Dave’s 3-Word Review:
Epic, almost perfect.
Good evening, all of my movie friends, do I have a treat for you? If you aren’t a Whovian, you may promptly leave, because this will be all for you, my tardis-dwelling Time Lords. It has been a long time since the finale of the seventh series of Doctor Who, and we have been waiting ever so patiently for the biggest movie event of the century, the 50th Anniversary Special, Doctor Who: The Day of the Doctor. No, I don’t normally review TV shows, and while this is a TV show, this special is being aired in the theater, therefore, it’s respectfully – kind of a movie.
Alright, so there are three plots going on seemingly simultaneously in this special, and I’ll try my best to explain it: 1.) Matt Smith’s Doctor is with Clara in modern England investigating a break-in at a museum where nothing seemingly is missing. However, the painting (done by Queen Elizabeth I), was of Time Lord magic, bigger on the inside…it looks 3D. So something is going on here. Meanwhile, 2.) David Tennant’s Doctor is going on a date with Queen Elizabeth I while trying take down the Zygon – who can take the form of any living human. All the while, 3.) John Hurt’s Doctor is in the Time War, about to wipe out all Time Lords and Daleks. All of these things are happening simultaneously when time portals open up in all three worlds. Needless to say, they all wind up on the same plain and they have two goals: Stop the Zygons in the present, and then figure out what to do with the Time War in the past.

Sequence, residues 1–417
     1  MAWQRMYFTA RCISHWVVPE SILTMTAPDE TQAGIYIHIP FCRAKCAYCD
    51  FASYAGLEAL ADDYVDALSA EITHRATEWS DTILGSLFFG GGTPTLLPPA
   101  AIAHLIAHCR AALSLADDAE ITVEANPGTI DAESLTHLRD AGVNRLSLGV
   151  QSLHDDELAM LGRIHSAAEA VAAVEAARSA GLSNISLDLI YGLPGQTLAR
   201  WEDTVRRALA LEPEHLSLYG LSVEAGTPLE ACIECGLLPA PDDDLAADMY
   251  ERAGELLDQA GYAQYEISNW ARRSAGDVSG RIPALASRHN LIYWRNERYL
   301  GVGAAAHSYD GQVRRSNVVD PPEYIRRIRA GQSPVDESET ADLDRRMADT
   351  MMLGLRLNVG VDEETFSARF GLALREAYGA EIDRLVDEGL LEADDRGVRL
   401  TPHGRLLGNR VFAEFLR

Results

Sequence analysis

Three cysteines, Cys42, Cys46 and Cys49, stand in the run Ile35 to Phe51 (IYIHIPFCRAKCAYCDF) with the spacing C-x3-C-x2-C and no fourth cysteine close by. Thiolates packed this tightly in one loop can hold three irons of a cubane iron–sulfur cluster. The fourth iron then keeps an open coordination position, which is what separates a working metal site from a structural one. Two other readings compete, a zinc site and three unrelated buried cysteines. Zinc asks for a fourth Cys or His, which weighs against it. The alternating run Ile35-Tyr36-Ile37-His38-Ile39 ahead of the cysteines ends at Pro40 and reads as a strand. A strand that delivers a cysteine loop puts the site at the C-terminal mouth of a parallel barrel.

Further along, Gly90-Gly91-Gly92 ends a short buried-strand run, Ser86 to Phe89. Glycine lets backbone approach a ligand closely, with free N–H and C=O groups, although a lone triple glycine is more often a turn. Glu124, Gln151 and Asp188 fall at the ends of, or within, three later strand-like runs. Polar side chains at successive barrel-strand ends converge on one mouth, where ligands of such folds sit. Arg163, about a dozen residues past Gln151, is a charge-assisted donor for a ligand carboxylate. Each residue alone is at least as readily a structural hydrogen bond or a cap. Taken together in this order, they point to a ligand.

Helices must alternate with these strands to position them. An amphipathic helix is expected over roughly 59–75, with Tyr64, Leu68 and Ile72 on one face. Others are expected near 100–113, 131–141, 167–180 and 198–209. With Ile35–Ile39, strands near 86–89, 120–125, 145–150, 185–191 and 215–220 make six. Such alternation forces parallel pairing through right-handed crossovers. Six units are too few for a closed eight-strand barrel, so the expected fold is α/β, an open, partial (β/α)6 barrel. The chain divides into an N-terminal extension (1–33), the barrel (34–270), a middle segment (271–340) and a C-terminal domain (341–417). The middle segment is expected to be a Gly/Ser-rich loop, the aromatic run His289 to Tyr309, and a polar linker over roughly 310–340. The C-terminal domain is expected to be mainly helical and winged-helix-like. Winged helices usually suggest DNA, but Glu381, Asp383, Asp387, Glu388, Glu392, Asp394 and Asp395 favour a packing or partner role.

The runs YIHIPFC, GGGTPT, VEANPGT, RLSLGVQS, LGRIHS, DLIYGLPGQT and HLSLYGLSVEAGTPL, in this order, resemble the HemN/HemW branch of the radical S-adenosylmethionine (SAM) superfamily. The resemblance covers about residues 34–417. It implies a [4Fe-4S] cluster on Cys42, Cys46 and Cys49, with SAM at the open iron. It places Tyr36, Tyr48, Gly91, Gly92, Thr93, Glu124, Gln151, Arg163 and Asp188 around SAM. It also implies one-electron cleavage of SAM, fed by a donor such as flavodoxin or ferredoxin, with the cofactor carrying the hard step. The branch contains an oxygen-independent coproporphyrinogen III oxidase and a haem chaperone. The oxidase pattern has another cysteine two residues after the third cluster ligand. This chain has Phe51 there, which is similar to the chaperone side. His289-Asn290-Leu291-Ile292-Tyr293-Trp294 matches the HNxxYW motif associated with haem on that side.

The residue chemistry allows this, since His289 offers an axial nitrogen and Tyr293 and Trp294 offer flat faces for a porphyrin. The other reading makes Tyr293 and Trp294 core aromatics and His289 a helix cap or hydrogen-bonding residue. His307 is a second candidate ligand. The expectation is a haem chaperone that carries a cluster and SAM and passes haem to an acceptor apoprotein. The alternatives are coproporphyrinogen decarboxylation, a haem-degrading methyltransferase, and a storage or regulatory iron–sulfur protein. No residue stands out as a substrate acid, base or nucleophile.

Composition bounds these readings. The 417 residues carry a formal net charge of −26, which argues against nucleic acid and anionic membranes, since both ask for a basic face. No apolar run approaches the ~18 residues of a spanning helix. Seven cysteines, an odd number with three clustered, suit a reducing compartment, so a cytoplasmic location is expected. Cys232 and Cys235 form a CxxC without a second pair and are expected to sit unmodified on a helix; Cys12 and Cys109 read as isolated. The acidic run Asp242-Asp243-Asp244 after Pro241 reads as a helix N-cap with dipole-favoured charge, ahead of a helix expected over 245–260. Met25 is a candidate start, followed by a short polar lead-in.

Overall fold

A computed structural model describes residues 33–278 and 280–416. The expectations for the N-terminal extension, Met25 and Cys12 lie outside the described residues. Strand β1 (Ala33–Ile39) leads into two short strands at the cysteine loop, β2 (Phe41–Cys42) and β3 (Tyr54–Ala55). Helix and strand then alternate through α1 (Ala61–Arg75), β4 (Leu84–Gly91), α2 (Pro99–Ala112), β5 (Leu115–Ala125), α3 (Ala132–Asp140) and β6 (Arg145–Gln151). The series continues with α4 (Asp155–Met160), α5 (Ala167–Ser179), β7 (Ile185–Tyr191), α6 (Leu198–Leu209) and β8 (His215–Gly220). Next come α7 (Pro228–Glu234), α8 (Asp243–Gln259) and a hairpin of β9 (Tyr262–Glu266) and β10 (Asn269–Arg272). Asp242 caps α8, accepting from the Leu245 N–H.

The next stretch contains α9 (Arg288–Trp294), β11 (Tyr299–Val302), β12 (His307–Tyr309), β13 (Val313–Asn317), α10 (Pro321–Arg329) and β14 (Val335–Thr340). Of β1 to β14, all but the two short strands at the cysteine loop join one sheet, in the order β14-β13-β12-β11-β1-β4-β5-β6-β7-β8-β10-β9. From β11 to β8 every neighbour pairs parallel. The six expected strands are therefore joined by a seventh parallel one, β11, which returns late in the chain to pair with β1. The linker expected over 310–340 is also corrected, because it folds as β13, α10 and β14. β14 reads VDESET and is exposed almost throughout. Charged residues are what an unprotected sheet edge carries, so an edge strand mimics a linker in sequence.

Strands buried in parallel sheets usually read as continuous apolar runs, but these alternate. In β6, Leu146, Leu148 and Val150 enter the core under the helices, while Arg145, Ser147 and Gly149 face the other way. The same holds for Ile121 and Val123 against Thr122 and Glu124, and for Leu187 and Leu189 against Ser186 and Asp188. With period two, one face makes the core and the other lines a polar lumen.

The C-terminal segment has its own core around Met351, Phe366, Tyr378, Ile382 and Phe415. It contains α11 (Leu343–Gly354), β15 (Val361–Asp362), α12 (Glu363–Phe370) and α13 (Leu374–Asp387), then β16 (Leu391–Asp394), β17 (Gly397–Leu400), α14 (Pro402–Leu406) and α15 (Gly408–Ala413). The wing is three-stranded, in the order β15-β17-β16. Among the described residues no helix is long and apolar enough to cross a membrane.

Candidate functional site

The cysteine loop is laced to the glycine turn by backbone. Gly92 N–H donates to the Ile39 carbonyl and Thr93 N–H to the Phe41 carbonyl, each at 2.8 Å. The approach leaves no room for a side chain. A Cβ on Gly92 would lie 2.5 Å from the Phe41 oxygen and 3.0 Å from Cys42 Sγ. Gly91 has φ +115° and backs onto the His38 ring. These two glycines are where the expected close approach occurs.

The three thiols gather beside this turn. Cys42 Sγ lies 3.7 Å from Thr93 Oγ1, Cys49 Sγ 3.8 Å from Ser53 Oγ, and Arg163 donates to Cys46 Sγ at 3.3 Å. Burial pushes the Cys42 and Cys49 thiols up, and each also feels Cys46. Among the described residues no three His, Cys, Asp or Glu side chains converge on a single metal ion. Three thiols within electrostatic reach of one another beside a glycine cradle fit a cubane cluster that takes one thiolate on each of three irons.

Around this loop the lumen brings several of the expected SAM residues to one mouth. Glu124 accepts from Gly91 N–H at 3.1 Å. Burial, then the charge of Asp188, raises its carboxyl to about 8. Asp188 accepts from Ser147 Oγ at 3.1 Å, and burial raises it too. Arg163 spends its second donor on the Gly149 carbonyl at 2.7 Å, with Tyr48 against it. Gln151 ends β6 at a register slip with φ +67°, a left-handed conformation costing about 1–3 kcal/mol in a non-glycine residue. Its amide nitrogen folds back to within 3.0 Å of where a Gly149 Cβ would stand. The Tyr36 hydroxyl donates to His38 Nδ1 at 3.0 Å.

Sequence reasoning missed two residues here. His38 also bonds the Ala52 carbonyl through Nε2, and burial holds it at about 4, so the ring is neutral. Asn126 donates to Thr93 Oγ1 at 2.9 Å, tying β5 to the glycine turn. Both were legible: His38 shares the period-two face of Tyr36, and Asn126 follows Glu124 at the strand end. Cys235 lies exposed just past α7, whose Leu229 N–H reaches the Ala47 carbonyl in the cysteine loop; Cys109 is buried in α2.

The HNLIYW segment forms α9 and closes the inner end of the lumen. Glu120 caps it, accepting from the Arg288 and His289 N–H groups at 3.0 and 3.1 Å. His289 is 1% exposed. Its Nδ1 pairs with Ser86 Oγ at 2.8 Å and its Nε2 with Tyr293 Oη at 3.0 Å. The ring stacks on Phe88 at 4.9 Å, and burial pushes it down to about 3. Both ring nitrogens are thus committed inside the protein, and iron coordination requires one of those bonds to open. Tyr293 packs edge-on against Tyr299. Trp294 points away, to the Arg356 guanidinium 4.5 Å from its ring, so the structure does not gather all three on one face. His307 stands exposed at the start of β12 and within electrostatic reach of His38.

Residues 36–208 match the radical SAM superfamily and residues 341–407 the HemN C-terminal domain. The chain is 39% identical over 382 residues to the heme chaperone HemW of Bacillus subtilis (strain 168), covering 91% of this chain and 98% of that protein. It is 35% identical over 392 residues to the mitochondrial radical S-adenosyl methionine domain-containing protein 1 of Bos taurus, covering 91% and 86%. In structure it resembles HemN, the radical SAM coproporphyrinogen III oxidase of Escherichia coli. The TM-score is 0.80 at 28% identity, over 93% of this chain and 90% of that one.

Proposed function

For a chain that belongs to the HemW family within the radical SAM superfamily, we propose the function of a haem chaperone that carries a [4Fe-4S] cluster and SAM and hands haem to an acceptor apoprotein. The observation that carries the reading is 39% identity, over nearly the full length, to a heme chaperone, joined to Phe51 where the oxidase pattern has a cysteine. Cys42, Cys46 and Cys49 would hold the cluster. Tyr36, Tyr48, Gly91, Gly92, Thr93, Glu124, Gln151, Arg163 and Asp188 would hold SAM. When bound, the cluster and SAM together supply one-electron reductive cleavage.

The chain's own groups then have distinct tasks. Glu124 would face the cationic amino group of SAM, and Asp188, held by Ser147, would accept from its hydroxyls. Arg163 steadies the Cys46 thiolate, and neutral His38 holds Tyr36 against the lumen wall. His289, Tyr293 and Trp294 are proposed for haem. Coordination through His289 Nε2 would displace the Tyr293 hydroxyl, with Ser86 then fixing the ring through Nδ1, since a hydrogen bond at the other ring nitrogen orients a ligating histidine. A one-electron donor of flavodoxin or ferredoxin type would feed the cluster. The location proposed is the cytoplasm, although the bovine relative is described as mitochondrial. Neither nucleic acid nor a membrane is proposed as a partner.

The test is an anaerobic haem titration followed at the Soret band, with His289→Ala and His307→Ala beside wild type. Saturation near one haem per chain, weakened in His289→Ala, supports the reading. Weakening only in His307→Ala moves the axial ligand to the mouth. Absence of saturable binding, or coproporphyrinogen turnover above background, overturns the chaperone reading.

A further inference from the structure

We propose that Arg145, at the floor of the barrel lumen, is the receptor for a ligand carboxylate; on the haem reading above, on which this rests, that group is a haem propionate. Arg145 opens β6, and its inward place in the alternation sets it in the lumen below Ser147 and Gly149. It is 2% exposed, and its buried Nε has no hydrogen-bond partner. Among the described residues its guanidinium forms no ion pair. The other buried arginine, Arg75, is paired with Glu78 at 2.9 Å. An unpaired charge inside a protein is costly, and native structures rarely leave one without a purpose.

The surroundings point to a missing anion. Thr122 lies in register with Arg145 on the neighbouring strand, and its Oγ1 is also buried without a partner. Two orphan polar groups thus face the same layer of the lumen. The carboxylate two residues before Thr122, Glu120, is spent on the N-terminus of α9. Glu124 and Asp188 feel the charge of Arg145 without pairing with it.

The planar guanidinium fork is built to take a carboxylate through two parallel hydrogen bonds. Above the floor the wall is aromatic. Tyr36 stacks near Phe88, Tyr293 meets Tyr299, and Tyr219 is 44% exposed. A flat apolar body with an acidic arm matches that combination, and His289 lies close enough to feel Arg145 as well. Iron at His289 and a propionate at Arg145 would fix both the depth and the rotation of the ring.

It’s hard not to just spoil the whole thing, because it really is confusing to keep track of. It gets even more confusing when you try to explain it, which just tells me that Steven Moffat has been doing his duty. I don’t like multiple plots that you must keep track of, because I hate being confused…then again, I love Doctor Who, so I’m in a bind. So for the most part, I’m letting this slide. By the end, you more or less understand the story, and that’s really what is important here. We’ve been waiting for so long that the confusion is passable because we’re just happy that the Doctor is back, and we are more than happy at who tagged along.
David Tennant, of course, is one of Doctor Who fans’ favorite interpretation, including myself. It is an absolute joy to see him reprise his role. The same goes for Billie Piper, who plays Rose in the series, the first companion to the 2005 series. Her role in this special isn’t exactly the same as we remember, but it’s still good. You might have also expected something specific from Tennant, but what you get is Moffat’s neverending ability to surprise, and surprise he does. Seeing them together, and getting the answers we were waiting for with John Hurt is incredible, but the special is far from perfect. There are some disappointments.
This is a 50th Anniversary special, there are things you’d reasonably expect from it…like a regeneration. If you aren’t too familiar with Doctor Who, you probably shouldn’t be still reading this, but a regeneration is when the Doctor changes his appearance when he’s close to dying. He is given 13 lives total, and because John Hurt is technically his 9th life, that means he’s really the 12th Doctor, and only has one regeneration left…such a great plot device for a 50th anniversary. However, this may be a spoiler, maybe not depending on how you view the word, but it doesn’t happen here. The other disappointments have to do with characters that don’t show up that really should have – but I won’t go that far as to name them off.
If you would like a detailed, spoilery discussion on The Day of the Doctor, my brother Andy and I go through the entire premise in our Doctor Who podcast, Smaller on the Outside. Listen to the podcast below!